In the area of Leadership and Governance, the Monitor found that elected officials and district leadership have made some progress to develop systems that are fundamental for the school committee to function as a governing body and for the superintendent to provide the educational leadership necessary to improve Fall River Public Schools. The district has developed meeting structures allowing citizen input and subcommittee reports, planning structures to ensure that the school committee is well-informed prepared to discuss the items on the agenda in a productive manner, a Policy Manual, a superintendent evaluation instrument, a School Committee Self-Evaluation tool, and plans to develop a handbook that articulates the roles and responsibilities of the superintendent and school committee. The next progress report will determine the extent to which the School Committee is demonstrating a commitment to using its new approach with fidelity. Having the systems and policies in writing to promote effective governance is a step in the right direction, but is not yet an indication that the School Committee will act in accordance with the newly established systems and policies.

In the area of Teaching and Learning, the district has made significant progress in aligning the curriculum and establishing systems for improving and monitoring the delivery of the curriculum. The district still needs to improve and integrate its systems to better support English language learners and students with disabilities; to hold all staff accountable for ensuring that the curriculum documents guide and improve teaching practice; to use interim assessments to track student progress; and, to ensure instruction is adjusted to meet student needs. The next progress report will determine the extent to which the district is monitoring instruction, developing instructional leadership, and supporting teachers in delivering and making adjustments to the curriculum based on needs identified by student achievement data.

In the third area, Human Resource Systems have been developed that hold promise for improvements to leadership capacity, staff evaluation, and employee retention. Regular meetings between central office and building level administrators have resulted in greater district support for principals in leading their schools. New evaluation instruments have been developed and are being implemented this year. An employee assistance plan has been established. Additional steps are still needed to ensure that recruitment and hiring processes allow the district to employ qualified, licensed, and committed staff capable of delivering a quality education to the students of Fall River. The next progress report will assess the capacity of the human resources department and the extent to which newly established practices, such as the use of new evaluation instruments and supervision systems, are implemented in a rigorous, consistent, transparent, and fair manner.

In the area of Financial Management, the district has taken initial steps to put systems and processes in place to improve practices, but has lacked a Chief Financial Officer (CFO) to complete and embed this work. The district recently has selected a new CFO who has been approved by the Department, per the Recovery Plan stipulation. The next report will assess the extent to which the district has built greater capacity and addressed its financial, budgeting and grants management issues.

I caution that the most challenging work in the district has just begun. The district has made progress in laying the foundation for change, but institutionalizing a healthy school committee/superintendent delineation of roles and sustaining changes to educator practice and district and school culture over time is hard work. It is also the real work that creates the conditions and climate conducive to learning for every student in every classroom. I remain concerned that several of the conditions that I established have not been met fully. Condition #2, to correct areas of non-compliance noted in the Comprehensive Program Review, has not yet been met with respect to requirements for English language learners. Condition #3, to address the findings and recommendations in the Plan from the financial systems review conducted by the Massachusetts Association of School Business Officials, has not been met, largely because the district was not successful in hiring a permanent CFO to lead this charge. The School Committee and Fall River Educators Association have not met Condition 7, to reach a fiscally responsible agreement on a successor collective bargaining agreement for teachers for the 2010-11 school year. We will be working closely with Fall River to support and monitor its ongoing work.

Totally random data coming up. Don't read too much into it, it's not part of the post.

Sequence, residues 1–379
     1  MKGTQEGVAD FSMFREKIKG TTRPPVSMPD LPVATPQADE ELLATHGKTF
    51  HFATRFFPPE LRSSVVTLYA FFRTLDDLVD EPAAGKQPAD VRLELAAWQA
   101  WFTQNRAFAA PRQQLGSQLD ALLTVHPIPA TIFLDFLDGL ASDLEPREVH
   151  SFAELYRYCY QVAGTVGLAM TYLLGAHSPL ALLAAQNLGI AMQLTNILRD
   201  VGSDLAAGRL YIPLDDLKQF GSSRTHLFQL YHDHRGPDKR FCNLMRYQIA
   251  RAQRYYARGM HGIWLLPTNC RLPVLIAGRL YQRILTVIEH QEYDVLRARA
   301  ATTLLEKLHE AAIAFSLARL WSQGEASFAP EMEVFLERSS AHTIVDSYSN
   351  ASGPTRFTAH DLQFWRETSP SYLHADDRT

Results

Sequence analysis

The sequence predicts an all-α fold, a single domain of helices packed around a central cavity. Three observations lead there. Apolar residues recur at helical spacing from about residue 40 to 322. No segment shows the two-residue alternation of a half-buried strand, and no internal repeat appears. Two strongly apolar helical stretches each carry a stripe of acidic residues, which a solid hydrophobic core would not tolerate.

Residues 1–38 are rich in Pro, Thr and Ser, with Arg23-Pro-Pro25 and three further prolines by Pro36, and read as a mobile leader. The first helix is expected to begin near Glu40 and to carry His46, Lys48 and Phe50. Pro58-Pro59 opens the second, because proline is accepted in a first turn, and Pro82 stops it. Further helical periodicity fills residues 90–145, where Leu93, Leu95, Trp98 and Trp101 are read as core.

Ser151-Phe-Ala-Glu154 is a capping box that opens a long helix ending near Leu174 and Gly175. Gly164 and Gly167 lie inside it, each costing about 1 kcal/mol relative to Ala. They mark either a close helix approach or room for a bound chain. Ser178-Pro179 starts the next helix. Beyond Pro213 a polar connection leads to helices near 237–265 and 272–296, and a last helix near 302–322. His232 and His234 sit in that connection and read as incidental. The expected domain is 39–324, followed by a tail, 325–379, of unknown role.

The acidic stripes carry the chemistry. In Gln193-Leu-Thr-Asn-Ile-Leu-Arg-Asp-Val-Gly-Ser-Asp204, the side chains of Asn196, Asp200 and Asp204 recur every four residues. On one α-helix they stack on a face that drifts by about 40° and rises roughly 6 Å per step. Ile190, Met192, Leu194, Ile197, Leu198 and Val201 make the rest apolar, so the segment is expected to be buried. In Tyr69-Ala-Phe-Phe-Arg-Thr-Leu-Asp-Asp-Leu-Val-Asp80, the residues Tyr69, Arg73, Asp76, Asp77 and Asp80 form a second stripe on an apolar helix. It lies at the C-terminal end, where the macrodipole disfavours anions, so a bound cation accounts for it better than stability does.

Recommendation and Next Steps

Fall River continues to be among the districts for which I have the greatest concern. Sustained improvement is essential to moving the district to the point where students are well served and receive the high quality education they deserve. This improvement requires the commitment and collaboration of all stakeholders, including the school committee, superintendent, central administration, building management, and teachers. The dedication to implementing the Recovery Plan has been tentative. Progress has been realized in part through the steady monitoring by the Commonwealth, and it is not clear that all of the stakeholders have a sense of urgency about the distance the district needs to travel to effectively educate the students of Fall River. If the stakeholders' commitment to reforming the system falters, then I may recommend a Level 5 designation. In the interim, the Department will continue providing targeted assistance and monitoring progress.


Deputy Commissioner Karla Baehr and Eva Mitchell, Director of our Center for District and School Accountability, will be present to respond to Board members' questions.


Attachment #1: Fall River Progress Report

Last Updated: March 17, 2011